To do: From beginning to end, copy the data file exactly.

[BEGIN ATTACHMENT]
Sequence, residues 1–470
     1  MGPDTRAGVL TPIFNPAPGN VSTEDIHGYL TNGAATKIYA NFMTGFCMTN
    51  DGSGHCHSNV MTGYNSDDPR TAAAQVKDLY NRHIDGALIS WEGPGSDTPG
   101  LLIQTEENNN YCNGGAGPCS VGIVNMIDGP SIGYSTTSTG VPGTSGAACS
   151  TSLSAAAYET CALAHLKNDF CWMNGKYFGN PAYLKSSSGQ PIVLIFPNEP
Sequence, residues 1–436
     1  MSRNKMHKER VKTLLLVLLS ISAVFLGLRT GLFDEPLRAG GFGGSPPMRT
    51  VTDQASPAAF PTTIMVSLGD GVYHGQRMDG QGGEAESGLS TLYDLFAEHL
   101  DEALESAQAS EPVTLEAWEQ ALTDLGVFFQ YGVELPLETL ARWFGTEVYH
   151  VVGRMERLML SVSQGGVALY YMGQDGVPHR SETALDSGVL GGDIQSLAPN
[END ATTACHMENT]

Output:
Sequence, residues 1–470
     1  MGPDTRAGVL TPIFNPAPGN VSTEDIHGYL TNGAATKIYA NFMTGFCMTN
    51  DGSGHCHSNV MTGYNSDDPR TAAAQVKDLY NRHIDGALIS WEGPGSDTPG
   101  LLIQTEENNN YCNGGAGPCS VGIVNMIDGP SIGYSTTSTG VPGTSGAACS
   151  TSLSAAAYET CALAHLKNDF CWMNGKYFGN PAYLKSSSGQ PIVLIFPNEP
Sequence, residues 1–436
     1  MSRNKMHKER VKTLLLVLLS ISAVFLGLRT GLFDEPLRAG GFGGSPPMRT
    51  VTDQASPAAF PTTIMVSLGD GVYHGQRMDG QGGEAESGLS TLYDLFAEHL
   101  DEALESAQAS EPVTLEAWEQ ALTDLGVFFQ YGVELPLETL ARWFGTEVYH
   151  VVGRMERLML SVSQGGVALY YMGQDGVPHR SETALDSGVL GGDIQSLAPN